As mentioned in my driftwood curtain rod post, I had been searching and searching for curtains for that project. Seriously, months worth of looking in stores and online.  Thanks to the ever wonderful Taylor, we finally found the perfect fabric and I had it shipped from Atlanta.  (Side note: If you live in Atlanta, you should check out Forsyth Fabrics).

Alas, I was making my own curtains again, only this time I wasn’t learning how to sew, and decided against sewing altogether — I was pressing the easy button and using iron on adhesives for the hems.

DIY Invisible Tab Curtains

What you’ll need:

  • Fabric
  • Fabric scissors
  • Measuring tape
  • Iron on adhesive
  • Iron
  • Thick ribbon or fabric strips


As I learned last time when making my own curtains, measuring is key, especially before cutting nice fabric you have bought.  First of all, make sure to get the window / wall specs and then figure out how much fabric you’ll need.  I ended up needing 3 yards for this project.  There is a small gap in the middle if you try to close the curtains, but the plan is to never close them (they’re decorative, not functional) and it saved me $70 in fabric!

Once my fabric was in and I cut the scraps off the top, I measured about 5 times, then cut the extra fabric off the bottom (make sure to add hems into your estimate).  After measuring some more, I cut fabric down the middle to make a panel out of each half.

Next, I folded 1/2″ of fabric on the sides of the panels, and ironed it down with the adhesive, in small segments.  I bought 3 different types of iron on adhesive (Heat n Bond, Pelion and Stitch Witchery), but ended up liking Heat n Bond the most.


After the side seams were done, I folded down 1″ of fabric on the top and bottom of the panels and ironed those hems down too.  Since the fabric was thicker, I used a heavy duty adhesive and held the iron down a little longer to make sure it was really attached.  I checked the seams to make sure they felt good, and then cut off extra strings around the corners.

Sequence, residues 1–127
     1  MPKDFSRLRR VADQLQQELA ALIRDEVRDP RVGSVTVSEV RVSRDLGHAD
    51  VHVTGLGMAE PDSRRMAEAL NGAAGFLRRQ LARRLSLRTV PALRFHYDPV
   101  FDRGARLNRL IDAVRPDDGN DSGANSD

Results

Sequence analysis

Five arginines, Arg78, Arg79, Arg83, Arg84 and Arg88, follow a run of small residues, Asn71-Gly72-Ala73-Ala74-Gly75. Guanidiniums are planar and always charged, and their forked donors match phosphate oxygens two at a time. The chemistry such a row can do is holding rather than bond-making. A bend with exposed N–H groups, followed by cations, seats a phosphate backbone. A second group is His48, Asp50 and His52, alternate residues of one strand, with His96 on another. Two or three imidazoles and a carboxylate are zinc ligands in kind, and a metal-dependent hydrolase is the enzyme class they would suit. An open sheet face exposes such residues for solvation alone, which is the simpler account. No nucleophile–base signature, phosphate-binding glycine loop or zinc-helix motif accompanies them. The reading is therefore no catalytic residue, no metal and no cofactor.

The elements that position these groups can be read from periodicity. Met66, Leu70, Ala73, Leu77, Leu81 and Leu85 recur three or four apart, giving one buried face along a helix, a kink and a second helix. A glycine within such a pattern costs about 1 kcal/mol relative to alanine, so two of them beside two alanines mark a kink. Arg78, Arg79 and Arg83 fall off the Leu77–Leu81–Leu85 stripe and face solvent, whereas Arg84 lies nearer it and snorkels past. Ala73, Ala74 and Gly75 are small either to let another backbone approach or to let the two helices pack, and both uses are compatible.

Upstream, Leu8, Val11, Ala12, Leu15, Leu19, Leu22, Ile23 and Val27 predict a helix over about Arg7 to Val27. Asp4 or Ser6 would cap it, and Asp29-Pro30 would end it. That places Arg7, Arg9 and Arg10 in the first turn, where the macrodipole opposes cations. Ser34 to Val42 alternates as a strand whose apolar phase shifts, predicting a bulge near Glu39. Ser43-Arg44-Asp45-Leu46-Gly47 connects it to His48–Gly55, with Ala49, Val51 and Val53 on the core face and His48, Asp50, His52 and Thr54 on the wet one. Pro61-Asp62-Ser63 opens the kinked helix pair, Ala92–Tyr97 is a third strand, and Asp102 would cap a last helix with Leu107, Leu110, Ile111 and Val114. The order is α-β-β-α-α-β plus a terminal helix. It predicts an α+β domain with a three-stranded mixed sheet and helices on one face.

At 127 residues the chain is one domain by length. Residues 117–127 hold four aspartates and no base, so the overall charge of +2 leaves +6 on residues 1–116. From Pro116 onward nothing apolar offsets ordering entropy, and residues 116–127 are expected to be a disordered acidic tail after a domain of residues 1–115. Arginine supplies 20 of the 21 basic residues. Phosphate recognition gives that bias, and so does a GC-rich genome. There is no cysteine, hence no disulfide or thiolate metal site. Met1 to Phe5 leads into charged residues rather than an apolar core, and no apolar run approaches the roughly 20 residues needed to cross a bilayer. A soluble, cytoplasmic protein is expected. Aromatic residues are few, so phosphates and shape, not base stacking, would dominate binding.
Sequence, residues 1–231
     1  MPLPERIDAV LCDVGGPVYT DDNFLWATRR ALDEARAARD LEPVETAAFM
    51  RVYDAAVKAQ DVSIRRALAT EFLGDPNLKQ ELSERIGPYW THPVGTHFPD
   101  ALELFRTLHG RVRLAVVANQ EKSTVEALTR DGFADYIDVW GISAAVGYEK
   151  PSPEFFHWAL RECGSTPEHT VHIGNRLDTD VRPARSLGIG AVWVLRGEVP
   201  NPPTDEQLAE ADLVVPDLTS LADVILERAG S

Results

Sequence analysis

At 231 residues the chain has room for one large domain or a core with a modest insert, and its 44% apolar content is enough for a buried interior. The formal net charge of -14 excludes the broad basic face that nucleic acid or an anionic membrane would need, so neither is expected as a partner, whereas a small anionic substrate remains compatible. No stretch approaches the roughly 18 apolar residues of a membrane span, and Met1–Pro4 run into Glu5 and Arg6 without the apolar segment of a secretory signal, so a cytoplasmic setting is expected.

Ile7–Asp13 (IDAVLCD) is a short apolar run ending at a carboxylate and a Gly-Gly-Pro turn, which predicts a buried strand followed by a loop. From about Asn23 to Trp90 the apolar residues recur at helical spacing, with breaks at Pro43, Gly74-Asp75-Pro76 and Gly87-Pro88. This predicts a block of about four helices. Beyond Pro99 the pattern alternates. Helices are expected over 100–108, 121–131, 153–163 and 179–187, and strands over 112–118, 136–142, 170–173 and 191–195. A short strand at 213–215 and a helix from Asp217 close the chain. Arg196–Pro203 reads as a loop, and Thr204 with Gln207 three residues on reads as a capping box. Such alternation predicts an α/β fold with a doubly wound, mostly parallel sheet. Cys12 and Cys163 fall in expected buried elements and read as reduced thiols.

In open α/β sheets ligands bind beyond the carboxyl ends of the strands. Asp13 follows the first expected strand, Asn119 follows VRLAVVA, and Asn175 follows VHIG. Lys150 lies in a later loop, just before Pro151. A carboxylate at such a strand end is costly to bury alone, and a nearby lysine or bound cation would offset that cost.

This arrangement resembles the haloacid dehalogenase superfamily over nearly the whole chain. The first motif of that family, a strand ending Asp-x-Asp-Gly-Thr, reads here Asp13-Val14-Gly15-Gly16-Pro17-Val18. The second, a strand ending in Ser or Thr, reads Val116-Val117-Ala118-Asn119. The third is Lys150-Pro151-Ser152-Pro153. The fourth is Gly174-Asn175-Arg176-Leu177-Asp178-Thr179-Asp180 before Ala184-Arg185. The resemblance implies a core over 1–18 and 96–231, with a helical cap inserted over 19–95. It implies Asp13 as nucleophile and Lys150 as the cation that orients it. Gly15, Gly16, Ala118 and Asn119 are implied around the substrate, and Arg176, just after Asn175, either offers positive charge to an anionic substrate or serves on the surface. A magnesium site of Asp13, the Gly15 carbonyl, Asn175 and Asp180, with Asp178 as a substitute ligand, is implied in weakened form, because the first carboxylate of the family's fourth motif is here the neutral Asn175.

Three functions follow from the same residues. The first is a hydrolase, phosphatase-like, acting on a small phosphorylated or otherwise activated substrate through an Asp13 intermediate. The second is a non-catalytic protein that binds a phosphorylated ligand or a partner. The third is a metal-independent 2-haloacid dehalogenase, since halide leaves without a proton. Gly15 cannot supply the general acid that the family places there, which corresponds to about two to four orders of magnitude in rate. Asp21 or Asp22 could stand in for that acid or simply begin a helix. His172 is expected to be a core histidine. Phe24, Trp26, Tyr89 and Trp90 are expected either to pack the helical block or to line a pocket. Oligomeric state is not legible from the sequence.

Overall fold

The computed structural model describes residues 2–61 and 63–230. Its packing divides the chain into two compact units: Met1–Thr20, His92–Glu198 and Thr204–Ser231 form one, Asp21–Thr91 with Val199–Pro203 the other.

Ironing the 4 seams on 2 panels ended up taking about 3 hours, but I was in a groove on the 2nd panel and felt more comfortable.


The panels were hemmed!  The tricky part of the project was figuring out how I would attach the curtains to the driftwood since it wasn’t just a normal curtain rod I could use drapery ring clips with.  I decided to use the invisible tab method (create and attach loops to the back of the panels), so the driftwood could fit through them to hang.

Originally I wanted to make them like tab-top curtains, but I would have needed to sew the loops out of extra fabric (and take more time), so this allowed me to use a different fabric for the loops since they don’t show and get it done quicker.

I already had some thick, canvas-y ribbon from another project that I decided to use for the loops.  I figured out how big the loops needed to be (harder than I imagined since the driftwood had a different circumference at different points) and cut 5 pieces, 9″ long for each panel.


I used the Heat n Bond adhesive again to attach the canvas-y pieces to the fabric to make the loops: ~4 inches apart from each other, and right below the top seam.  Instead of attaching them 9″ long on the fabric, I did them 6″ long, so there was a loop for the driftwood to go through.


The last thing left to do was to get the curtains on the driftwood, and put the driftwood on the brackets!


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I can’t even describe how much of a difference it makes having these curtains up.  You’ll have to come by to see for yourself!

Special thanks to Pegs, Taylor, Mrs. Debartola, Jen, and Lisa for all the random advice or help with these curtains —  Talk about team effort!


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